Curriculum Components of the Born to Draw Program
Each lesson below was written by Elaine Cimino and developed through twenty-years of professional- studio art teaching experience and working as an artist teacher in the public schools. The art curricula is geared for Language Arts, Math and Science these lessons were designed to meet New Mexico benchmarks and standards for content in English–language arts, Math, Social Studies, Science and visual arts. It also involves the integration of the arts into any curriculum. This framework has been proven through time and research and should be seriously considered by the new art teacher. The Born to Draw Art Program does not have to be taught by an art teacher. It can be taught in a social studies or mathematics classroom.
We know that visually orientated curriculum reaches students and increases test scores. Social studies teachers can use famous works of art. A math teacher can use fractions and geometry to introduce perspective that was used in the Renaissance and can be found in the Born to Draw Drawing Perspective iBook. It also helps to collaborate with other teachers.
- Art Making
- Art History
Art Making–Students will create art by uses drawing and painting mediums of charcoal, pastels, and watercolor. The act of making art involves creative and critical thinking processes. Visual learners make up 37% of our population and benefits from a visually based core curriculum. The production of art can guide us through critical thinks and visual problem solving. Art is all around us in public art sculpture, murals, quilts, sidewalks, buildings, and studios. Art is a creative self-expression for our core beliefs and values.
Art History–Art history begs the questions of why it was created? How was it used? What was its purpose? The examination of the contribution artists and art have made to society and culture. Through the study of art history, we begin to understand the mind of great artists and how they responded to events and the culture of their time. We can see how artists were influenced by other art styles and social change. Through art history, we are able to peek into the photo album of time. Art history works hand-in-hand with social studies as it helps us examine historical events through the eyes of an artist.
Aesthetics–All of us react emotionally to works of art. Art can upset us and make us feel good. Our values and idea of beauty influence what we think about art. When we put our feelings about art into words, it becomes art criticism. Aesthetics also helps students see what kind of art and design pleases most people. This is helpful to students when decorating their homes and even dress. Critical thinking skills are also used with aesthetics. Discussions such as “Explain why you feel that way,” or “How did you come to that conclusion?” may arise. Aesthetics sometimes goes hand-in-hand with art criticism.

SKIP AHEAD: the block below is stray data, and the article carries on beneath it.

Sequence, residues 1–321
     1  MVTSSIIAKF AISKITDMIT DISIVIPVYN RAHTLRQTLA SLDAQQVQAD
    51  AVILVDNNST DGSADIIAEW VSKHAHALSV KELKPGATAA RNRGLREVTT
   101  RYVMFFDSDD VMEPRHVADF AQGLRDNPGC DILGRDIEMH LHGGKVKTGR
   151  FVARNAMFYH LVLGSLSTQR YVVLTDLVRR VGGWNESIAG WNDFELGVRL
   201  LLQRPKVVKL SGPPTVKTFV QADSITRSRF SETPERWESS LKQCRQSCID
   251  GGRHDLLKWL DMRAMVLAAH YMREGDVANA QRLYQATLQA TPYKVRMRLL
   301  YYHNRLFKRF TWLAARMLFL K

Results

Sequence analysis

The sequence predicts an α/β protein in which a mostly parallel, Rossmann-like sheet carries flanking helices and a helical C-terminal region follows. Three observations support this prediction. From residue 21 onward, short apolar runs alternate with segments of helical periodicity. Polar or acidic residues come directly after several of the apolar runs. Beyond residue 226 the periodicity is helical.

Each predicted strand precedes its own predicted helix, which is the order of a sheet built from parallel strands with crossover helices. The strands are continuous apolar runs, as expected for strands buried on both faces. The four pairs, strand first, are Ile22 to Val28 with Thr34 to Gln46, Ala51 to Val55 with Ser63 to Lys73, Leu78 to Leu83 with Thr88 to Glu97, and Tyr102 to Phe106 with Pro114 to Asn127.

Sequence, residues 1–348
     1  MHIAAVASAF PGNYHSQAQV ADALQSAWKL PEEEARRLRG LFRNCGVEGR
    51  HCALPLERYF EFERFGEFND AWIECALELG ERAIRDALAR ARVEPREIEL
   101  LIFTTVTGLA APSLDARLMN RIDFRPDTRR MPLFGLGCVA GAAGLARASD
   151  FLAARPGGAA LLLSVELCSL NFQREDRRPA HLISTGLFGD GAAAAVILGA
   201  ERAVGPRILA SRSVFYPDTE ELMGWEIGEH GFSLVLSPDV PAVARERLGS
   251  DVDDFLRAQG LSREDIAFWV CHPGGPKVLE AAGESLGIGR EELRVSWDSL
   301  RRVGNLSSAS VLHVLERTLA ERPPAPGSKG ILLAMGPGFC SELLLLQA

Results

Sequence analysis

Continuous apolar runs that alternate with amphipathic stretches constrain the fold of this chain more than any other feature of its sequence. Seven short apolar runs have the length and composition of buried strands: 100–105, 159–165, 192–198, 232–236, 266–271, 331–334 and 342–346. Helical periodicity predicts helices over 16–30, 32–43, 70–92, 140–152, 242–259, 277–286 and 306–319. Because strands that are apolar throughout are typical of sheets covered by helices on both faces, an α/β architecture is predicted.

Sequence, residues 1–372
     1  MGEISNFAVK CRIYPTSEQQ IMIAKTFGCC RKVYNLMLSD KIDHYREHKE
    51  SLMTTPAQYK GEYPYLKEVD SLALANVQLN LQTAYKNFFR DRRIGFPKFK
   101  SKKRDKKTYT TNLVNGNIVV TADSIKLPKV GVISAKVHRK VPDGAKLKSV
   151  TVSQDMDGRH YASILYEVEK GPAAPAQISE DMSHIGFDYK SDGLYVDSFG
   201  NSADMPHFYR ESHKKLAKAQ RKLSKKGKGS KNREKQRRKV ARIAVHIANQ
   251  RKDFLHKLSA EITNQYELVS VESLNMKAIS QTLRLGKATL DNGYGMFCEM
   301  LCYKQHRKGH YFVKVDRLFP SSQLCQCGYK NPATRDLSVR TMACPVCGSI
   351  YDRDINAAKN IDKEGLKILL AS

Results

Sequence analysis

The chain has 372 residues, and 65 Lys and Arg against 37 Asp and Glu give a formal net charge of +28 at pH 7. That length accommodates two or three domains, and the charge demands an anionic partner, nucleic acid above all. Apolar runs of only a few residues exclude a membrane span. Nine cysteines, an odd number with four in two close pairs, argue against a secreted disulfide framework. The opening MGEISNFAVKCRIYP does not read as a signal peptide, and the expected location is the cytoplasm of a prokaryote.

Assessment– Assessment are necessary for learning. Creating a portfolio is a very effective way to assess the progress of a student through time. When creating a portfolio, a student and teacher should collaborate by setting objectives and criteria. The student and/or teacher select student work over time and save it for viewing in a portfolio. At a designated point, the student reflects on each phase of the collection and criticizes their art. The teacher considers the art and the reflections of the student when coming up with a grade. To make it fair, an art teacher should create rubrics prior to making a judgment. The student should be aware of these rubrics at the beginning of the project.
Personal Context– It regards students as artists and gives students real choices for responding to their own feelings, ideas, and interested through art. Students do a lot of self-discovery and learning from having control over their subject matter, medium and approach. The pitfall is that some students won’t have any ideas or self-motivation. In addition, what does the art teacher do if a student chooses an inappropriate subject?
Pedagogical Context– The art teacher uses a variety of teaching methods to reach students. Direct, indirect, whole group, demonstrations, discussions, small groups, and on-on-one teacher/student contact are just a few methods used. The student is taught and encouraged to become coaches and peer tutors and share information with classmates and adults. They may also ignore art history. The Born to Draw approach is about teaching children and adults to draw and paint with watercolor.
Classroom Context– Students construct knowledge and meaning while creating art. Students are exposed to a variety of art concepts in short whole-group instruction. They are encouraged to try something new every week or continue working on one piece. Materials are organized for easy access. The Born to Draw program is structured so that there can be a ranged of mediums experienced.
Assessment– Rubrics are negotiated between students and teachers for projects throughout the year. Students and teachers review the rubric upon completion of the art project. Students are also taught self-assessment through journals, statements, presentations and critique sessions. Teachers use these assessments to redirect instruction. Assessments should encourage risk-taking and focus. Students are graded on mastery of set standards. More than likely your school requires a letter grade. The teacher must help with time management and help students move forward.
Common Core Standards Alignment for Born to Draw iBooks – Please see the support materials for teachers to use the Born to Draw iBook series in the classroom. The curricula supports Bloom’s Taxonomy. These are free with signup on products page. We do not share any personal or contact information that you submit to us. Any information you receive from use is through Mailchimp and you can opt out at anytime.